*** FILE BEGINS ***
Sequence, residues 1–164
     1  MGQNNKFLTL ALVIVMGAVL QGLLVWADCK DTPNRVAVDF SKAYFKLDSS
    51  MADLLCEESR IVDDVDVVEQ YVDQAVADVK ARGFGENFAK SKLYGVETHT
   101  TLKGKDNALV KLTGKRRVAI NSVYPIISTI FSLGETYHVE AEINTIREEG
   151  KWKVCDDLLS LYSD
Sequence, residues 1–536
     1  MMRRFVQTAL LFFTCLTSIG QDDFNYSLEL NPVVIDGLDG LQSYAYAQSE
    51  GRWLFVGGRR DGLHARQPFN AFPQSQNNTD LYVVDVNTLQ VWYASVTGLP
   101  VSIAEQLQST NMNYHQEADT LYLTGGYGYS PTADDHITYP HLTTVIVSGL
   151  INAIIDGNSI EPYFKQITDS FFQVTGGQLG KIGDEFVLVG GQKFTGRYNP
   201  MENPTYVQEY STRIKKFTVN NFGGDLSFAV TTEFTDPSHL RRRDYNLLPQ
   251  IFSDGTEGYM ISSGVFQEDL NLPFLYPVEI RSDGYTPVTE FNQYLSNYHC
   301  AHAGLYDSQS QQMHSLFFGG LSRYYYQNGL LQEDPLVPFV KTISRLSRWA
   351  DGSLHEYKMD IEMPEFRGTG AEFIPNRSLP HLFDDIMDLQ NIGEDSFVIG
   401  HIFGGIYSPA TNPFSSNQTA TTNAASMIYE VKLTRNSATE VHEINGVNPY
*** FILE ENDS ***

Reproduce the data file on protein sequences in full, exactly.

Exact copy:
Sequence, residues 1–164
     1  MGQNNKFLTL ALVIVMGAVL QGLLVWADCK DTPNRVAVDF SKAYFKLDSS
    51  MADLLCEESR IVDDVDVVEQ YVDQAVADVK ARGFGENFAK SKLYGVETHT
   101  TLKGKDNALV KLTGKRRVAI NSVYPIISTI FSLGETYHVE AEINTIREEG
   151  KWKVCDDLLS LYSD
Sequence, residues 1–536
     1  MMRRFVQTAL LFFTCLTSIG QDDFNYSLEL NPVVIDGLDG LQSYAYAQSE
    51  GRWLFVGGRR DGLHARQPFN AFPQSQNNTD LYVVDVNTLQ VWYASVTGLP
   101  VSIAEQLQST NMNYHQEADT LYLTGGYGYS PTADDHITYP HLTTVIVSGL
   151  INAIIDGNSI EPYFKQITDS FFQVTGGQLG KIGDEFVLVG GQKFTGRYNP
   201  MENPTYVQEY STRIKKFTVN NFGGDLSFAV TTEFTDPSHL RRRDYNLLPQ
   251  IFSDGTEGYM ISSGVFQEDL NLPFLYPVEI RSDGYTPVTE FNQYLSNYHC
   301  AHAGLYDSQS QQMHSLFFGG LSRYYYQNGL LQEDPLVPFV KTISRLSRWA
   351  DGSLHEYKMD IEMPEFRGTG AEFIPNRSLP HLFDDIMDLQ NIGEDSFVIG
   401  HIFGGIYSPA TNPFSSNQTA TTNAASMIYE VKLTRNSATE VHEINGVNPY